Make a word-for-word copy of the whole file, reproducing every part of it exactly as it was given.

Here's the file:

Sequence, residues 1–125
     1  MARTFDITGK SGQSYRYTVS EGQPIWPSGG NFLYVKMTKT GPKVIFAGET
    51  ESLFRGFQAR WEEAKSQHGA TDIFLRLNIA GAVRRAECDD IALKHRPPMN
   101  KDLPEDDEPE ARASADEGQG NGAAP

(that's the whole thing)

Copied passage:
Sequence, residues 1–125
     1  MARTFDITGK SGQSYRYTVS EGQPIWPSGG NFLYVKMTKT GPKVIFAGET
    51  ESLFRGFQAR WEEAKSQHGA TDIFLRLNIA GAVRRAECDD IALKHRPPMN
   101  KDLPEDDEPE ARASADEGQG NGAAP